The nonpartisan Tax Policy Center has just completed a new analysis of John Boehner’s “plan B” fiscal proposal, which would raise taxes only on income over $1 million. The analysis makes it pretty clear just how ludicrous it is for House Republicans to be expecting Obama to agree to it.

The new analysis sheds fresh light on just how tiny a slice of taxpayers would see a tax hike under Boehner’s plan. It also reveals in new detail just how many households that are very wealthy (but make under $1 million) would actually see their taxes go slightly down.

The basic findings: Nearly half of households in the top one percent would see a small tax cut under Boehner’s plan. Meanwhile, lower and middle income households would see a tax increase under his plan (more on this later).

The key table you want to look at is right here. It shows that 48.3 percent of households in the top one percent would see their taxes go down by an average of $240. Those are people who make between $521,000 and $1 million. Only 28 percent of those in the top one percent (the ones with the highest incomes) would see a tax hike, of around $97,000.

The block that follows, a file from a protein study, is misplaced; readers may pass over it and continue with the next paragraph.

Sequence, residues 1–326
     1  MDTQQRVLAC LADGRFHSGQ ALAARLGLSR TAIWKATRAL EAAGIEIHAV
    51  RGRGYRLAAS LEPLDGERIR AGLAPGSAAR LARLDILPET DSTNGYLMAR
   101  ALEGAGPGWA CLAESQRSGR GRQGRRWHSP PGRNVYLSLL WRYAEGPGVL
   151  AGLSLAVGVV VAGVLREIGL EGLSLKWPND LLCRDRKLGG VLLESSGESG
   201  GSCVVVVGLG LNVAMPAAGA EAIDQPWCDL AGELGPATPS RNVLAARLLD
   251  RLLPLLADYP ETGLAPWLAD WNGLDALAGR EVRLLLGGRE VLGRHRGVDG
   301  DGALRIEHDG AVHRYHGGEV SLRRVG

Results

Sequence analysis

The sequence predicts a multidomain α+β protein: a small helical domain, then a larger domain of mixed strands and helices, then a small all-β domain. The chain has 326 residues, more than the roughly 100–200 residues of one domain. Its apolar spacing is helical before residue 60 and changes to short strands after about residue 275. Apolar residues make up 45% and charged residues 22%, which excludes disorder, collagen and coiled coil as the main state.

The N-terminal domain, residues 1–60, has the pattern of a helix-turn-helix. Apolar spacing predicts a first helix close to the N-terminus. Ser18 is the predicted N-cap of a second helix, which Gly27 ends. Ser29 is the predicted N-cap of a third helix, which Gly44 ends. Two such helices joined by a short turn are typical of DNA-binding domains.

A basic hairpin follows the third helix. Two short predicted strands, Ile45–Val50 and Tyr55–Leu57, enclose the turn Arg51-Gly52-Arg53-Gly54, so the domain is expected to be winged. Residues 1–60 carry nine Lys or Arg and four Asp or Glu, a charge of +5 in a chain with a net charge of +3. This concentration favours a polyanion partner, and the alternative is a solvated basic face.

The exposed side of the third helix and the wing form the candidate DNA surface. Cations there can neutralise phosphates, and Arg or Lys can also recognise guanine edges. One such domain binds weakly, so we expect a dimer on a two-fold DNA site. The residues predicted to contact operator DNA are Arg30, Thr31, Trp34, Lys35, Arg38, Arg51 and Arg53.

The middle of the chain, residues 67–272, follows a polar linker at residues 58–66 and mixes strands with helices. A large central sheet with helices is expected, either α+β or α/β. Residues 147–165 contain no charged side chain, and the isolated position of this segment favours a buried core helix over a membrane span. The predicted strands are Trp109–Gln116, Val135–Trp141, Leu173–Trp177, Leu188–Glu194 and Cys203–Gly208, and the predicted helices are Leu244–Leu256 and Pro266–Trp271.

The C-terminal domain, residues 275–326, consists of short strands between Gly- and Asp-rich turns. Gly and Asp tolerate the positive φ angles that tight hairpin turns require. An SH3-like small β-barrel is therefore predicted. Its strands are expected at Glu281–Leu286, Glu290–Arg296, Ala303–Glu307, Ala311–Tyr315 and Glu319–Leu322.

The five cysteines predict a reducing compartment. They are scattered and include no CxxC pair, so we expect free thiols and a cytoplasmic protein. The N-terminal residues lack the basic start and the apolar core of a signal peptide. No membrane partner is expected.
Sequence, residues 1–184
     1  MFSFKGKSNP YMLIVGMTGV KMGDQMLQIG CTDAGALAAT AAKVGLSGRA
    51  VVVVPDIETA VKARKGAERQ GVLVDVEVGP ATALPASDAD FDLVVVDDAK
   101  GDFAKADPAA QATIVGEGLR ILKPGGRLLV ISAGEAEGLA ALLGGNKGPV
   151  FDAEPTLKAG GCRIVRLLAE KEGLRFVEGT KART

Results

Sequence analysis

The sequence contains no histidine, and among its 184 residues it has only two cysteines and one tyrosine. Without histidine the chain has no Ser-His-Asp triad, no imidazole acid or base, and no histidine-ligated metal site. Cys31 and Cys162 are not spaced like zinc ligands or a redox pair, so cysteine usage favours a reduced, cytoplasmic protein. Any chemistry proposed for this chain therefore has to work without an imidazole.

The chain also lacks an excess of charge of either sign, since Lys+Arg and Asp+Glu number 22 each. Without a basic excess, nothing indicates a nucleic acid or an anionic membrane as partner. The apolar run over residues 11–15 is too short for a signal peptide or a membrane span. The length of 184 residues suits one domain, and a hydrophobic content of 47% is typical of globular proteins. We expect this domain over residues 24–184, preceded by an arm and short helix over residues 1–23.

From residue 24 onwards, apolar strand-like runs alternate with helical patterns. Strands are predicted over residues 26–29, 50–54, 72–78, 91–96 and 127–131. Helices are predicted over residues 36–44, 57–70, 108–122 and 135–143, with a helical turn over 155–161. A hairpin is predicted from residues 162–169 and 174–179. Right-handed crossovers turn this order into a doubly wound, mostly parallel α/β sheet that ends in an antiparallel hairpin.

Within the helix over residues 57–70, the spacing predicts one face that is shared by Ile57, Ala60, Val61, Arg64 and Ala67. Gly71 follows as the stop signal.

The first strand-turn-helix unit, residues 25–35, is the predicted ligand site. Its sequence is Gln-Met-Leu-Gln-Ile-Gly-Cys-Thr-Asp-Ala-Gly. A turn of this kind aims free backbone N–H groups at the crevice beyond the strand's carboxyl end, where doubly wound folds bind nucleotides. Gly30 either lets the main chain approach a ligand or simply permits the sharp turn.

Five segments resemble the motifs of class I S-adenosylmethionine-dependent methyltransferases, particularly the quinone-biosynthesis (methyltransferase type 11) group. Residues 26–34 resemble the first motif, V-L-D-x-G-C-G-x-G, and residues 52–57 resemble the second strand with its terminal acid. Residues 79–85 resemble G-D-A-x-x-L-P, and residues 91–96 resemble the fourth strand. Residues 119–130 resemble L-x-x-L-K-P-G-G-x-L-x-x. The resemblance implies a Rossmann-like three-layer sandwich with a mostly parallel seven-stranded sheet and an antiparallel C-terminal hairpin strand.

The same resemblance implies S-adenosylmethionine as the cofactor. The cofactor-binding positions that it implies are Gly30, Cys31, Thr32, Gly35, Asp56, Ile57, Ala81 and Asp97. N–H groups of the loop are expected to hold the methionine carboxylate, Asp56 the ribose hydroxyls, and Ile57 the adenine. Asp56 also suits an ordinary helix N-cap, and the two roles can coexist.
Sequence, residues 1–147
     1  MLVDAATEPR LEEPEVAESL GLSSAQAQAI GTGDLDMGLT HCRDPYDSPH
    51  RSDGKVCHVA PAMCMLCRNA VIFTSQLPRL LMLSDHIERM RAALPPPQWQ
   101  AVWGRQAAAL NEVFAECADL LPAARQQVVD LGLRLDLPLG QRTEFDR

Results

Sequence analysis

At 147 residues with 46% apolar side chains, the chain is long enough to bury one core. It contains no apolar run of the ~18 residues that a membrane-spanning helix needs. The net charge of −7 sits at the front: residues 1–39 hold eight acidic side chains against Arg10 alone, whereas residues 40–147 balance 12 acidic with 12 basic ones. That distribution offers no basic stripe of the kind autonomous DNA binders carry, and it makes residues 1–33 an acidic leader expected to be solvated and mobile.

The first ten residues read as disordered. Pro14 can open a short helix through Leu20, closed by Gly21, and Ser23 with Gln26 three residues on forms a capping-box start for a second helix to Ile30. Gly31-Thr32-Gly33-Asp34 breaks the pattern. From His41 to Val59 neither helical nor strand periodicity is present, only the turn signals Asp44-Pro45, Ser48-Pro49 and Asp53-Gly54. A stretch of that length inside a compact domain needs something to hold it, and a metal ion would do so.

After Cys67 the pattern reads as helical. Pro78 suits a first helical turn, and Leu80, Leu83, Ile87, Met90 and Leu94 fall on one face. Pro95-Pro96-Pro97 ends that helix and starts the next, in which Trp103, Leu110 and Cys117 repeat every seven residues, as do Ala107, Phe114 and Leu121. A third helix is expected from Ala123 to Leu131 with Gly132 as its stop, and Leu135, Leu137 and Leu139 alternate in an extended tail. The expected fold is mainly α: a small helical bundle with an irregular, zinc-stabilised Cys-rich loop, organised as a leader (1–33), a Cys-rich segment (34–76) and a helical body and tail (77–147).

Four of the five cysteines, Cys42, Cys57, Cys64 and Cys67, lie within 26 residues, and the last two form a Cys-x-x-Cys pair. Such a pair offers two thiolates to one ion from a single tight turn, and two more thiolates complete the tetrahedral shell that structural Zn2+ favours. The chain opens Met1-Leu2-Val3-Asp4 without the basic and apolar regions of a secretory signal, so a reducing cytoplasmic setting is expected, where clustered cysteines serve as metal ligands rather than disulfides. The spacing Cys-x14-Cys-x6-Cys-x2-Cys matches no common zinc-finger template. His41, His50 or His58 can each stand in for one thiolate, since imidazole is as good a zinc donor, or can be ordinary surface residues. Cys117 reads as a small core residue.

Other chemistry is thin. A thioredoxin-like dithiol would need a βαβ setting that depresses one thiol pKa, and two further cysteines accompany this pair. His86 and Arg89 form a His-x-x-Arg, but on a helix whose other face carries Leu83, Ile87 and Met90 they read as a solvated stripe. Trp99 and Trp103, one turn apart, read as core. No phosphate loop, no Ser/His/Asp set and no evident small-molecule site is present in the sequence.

Meanwhile, the analysis finds, despite the fact that Boehner’s plan extends the Bush tax cuts for all income under $1 million, many lower and middle income households would still see their taxes go up. Roberton Williams, a senior fellow at the Tax Policy Center, tells me that this is because Boehner’s plan does not extend several tax cuts that originally passed as part of Obama’s stimulus — one making the child credit more refundable, another expanding the earned income tax credit, and a third increasing tax credits for higher education. This cancels out the extension of the Bush-era rates for many of these taxpayers.

The upshot: around one fifth of households in the lowest two quintiles (up to $60,000) would see an average tax hike of more than $900. Around 13 percent in the middle quintile (from $64,000 to around $107,000) would see an average tax hike of nearly $800.

Now, in fairness, Republicans would also pursue tax reform later that could change this equation. But still: Under the current plan Boehner is pushing, lots of rich people — folks who make over half a million dollars a year, but under $1 million — would see their taxes go down. And lots of poor and middle class people — folks who make less than $100,000 a year — would see their taxes go up. And this is the plan that Boehner is insisting Obama and Democrats accept as the only alternative to going over the cliff.